Fraser & Girard
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Fraser & Girard

Orangeville, Ontario, Canada | Established. Jan 01, 2013 | INDIE | AFM

Orangeville, Ontario, Canada | INDIE | AFM
Established on Jan, 2013
Duo Americana Roots




"From" - Fraser & Girard

"Folk musicians Fraser & Girard perform at reunion concert honouring the late Ken Palmer"

Somewhere in the middle of next week’s Smales Pace reunion concert, there’s a lovely love story.

Folk heroes gather on Friday at Aeolian Hall to honour the late Ken Palmer, London Music Hall of Famer with the Dixie Flyers and former artistic director of the Home County Music & Art Festival.

A Palmer-worthy lineup graces the event at Aeolian Hall, with a Dixie Flyers all-star band among the stars. It will be the season’s first chance to honour Palmer, with Home County adding its tribute in July at Victoria Park.

Still, this Palmer admirer is also touched at Friday’s revelation of a new Toronto-based folk duo, Fraser & Girard, an incomparable couple on and off the stage.

“It’s brought joy back to my life and grace in a very intimate way. . . . If that were to pass I would still want to work with Marianne,” Canadian folk star Allan Fraser said this week of his partnership with Delaware-raised Marianne Girard.

“I’m afraid it’s all dimensions,” said a laughing Girard of their relationship.

It took a while for Fraser & Girard to become a duo.

Her first gig was at Western’s The Hub in 1972.

Fraser had already been recording as part of the Canadian duo Fraser & DeBolt, who wowed crowds at Mariposa and critics at the New York Times before Fraser and the late Daisy DeBolt split up.

Fast forward from the Canadian folk glory days of the 1970s to much more recent times in Toronto. It had first been Girard’s base since the late 1970s and she returned there more than a decade ago. Fraser moved to Toronto after spending 35 years in Montreal.

The two had crossed paths many times over the decades in the Canadian folk world.

Then, on an evening in August last year, they met again over tea under a Japanese maple tree on College Street in Toronto.

A new duo bloomed under that tree.

Since their tea-for-two session, they’ve advanced from playing what were billed as Girard gigs with Fraser joining her on guitar to a new duo identity as Fraser & Girard.


By James Reaney, The London Free Press

Friday, May 23, 2014 6:52:00 EDT PM - The London Free Press

"Folking About London With Fraser & Girard"

“… a wonderfully intimate evening sharing their music... With a gutsy, country... voice, (Girard) delivers heartfelt, ... moving lyrics... lumps in throats all around... (Fraser's) poetic lyrics... run from quite obtuse symbolism to very simple conversation... He puts me in mind of Cohen, Townes Van Zandt, yes and even Mick Jagger when he gets down and dirty using shouts and falsetto...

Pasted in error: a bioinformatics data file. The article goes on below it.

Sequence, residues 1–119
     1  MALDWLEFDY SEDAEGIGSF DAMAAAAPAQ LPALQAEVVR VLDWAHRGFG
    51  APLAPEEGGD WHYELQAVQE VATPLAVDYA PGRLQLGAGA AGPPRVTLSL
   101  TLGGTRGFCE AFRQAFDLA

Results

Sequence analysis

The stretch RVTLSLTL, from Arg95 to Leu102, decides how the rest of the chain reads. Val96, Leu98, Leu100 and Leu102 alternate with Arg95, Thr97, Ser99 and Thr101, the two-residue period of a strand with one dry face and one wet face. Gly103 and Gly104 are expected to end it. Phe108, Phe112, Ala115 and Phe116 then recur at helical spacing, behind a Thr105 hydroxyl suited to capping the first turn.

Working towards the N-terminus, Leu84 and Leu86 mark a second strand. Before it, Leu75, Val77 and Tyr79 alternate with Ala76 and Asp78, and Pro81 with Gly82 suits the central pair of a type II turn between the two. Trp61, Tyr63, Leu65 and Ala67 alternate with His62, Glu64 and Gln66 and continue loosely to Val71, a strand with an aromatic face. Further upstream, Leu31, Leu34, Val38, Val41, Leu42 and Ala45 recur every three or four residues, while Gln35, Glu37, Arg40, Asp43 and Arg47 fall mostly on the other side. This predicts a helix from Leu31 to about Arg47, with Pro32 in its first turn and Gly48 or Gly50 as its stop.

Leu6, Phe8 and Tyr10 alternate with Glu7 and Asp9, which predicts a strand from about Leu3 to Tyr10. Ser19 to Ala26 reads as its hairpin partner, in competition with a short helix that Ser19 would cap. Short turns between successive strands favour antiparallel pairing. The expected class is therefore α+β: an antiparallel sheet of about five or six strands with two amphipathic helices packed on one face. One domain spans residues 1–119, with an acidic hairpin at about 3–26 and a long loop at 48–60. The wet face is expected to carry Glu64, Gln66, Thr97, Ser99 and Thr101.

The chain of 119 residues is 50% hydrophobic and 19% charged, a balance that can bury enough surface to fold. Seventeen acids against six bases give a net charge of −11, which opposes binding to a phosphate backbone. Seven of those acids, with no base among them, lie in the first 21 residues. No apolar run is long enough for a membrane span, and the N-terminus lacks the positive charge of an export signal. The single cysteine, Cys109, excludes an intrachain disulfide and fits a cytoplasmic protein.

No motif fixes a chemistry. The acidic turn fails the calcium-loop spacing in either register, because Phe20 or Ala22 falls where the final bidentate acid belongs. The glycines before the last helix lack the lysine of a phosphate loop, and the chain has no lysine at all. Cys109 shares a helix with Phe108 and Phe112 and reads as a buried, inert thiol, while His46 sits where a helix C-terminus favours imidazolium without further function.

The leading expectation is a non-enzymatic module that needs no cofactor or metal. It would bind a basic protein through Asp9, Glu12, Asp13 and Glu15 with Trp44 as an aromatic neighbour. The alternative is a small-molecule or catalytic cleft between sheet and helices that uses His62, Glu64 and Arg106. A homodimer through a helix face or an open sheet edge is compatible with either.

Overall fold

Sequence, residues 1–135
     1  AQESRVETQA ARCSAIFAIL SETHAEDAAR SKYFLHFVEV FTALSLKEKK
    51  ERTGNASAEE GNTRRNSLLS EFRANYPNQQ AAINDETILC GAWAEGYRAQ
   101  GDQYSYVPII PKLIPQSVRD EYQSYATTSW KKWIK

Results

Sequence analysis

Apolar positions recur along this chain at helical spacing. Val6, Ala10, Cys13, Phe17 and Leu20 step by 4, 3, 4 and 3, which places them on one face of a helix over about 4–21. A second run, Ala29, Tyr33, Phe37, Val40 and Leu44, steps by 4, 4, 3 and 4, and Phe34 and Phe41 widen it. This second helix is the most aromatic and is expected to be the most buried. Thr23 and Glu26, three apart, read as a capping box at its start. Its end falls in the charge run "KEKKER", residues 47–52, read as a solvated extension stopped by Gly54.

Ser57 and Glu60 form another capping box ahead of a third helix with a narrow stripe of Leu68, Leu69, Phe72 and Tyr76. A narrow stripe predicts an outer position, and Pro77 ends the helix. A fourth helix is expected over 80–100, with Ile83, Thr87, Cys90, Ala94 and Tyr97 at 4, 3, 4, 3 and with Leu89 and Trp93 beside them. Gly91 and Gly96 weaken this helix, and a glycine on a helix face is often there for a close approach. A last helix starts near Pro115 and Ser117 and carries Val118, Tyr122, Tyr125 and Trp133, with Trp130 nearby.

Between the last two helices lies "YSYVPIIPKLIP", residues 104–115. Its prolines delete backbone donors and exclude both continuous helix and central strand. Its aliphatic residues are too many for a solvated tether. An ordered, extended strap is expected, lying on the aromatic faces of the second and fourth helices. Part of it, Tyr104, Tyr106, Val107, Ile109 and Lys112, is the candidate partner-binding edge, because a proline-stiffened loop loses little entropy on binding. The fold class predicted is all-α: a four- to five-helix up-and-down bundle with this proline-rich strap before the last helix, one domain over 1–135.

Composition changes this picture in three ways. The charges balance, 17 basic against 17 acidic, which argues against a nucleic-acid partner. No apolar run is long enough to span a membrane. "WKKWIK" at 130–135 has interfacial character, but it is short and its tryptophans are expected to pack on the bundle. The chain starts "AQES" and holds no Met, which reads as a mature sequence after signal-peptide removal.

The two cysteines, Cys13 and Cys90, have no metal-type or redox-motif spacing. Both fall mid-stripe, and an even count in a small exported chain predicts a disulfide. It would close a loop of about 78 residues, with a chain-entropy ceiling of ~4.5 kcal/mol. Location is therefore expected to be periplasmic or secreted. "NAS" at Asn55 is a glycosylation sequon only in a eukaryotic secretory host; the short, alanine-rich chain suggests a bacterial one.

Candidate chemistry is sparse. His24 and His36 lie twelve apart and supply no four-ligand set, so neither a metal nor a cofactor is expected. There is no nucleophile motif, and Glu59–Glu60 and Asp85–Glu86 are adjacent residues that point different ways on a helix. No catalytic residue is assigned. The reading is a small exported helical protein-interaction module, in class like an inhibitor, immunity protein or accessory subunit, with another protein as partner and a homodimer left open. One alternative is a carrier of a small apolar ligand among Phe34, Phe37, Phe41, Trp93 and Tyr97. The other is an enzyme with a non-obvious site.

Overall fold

So how do they mesh? Wonderfully! ... They're magic...

There is a lovely interplay between them on stage in their banter and eye contact and some tasty guitar work weaving, picking and strumming, back and forth. Vocally, they move from simply beautiful... to tingly shivers... their voices intertwine hitting some neat, jangly minor harmonies... I was reminded of Bert Jansch... (As with Ian & Sylvia) there is that same excitement in the combination of male and female voices of great but different quality. Yes! Again the crowd summed it up. “Wow!”

- Bob Cunningham, The Beat magazine (Jun 19, 2014) - The Beat Magazine

"Wonderful Show"

Allan (Fraser) & Marianne (Girard) put on a wonderful show here at London Music Club this past June. Their wit and passion shine through with every word and every chord played... we look forward to having them back here @ LMC. This is world-class singer-songwriter, folk-roots entertainment!”

- Pete Denomme, Club Owner, London, ON - Pete Denomme

"New Rock: Pure As Spring Water"

On Fraser and deBolt, April 18, 1971 :

New Rock: Pure as Spring Water

April 18, 1971,

, Section arts and leisure, Page D30, Column , words

"...IN the last few months two surprising, special records have come over the hill, titled with the names of the artists, Ry Cooder (Reprise) and Fraser DeBolt (Columbia). Cooder, from California, and Fraser DeBolt, from the Canadian Mid-West, have in common a musicianship that leaves most rock in the dust, an inspired craziness of personal expression, and a vision of people as feeling individuals, not a ticket-buying festival mass…As in gypsy theatre, their songs are performances and their lyrics are as dramatic and direct as finely spoken folk tales. …With this range of feeling, dense imagery and unexpected depth, their words may well find a place in the oral tradition of poetry...”

- James Lichtenberg, The New York Times (Dec 01, 2011) - The New York Times

"Fraser & Girard at Winterfolk XII Festival"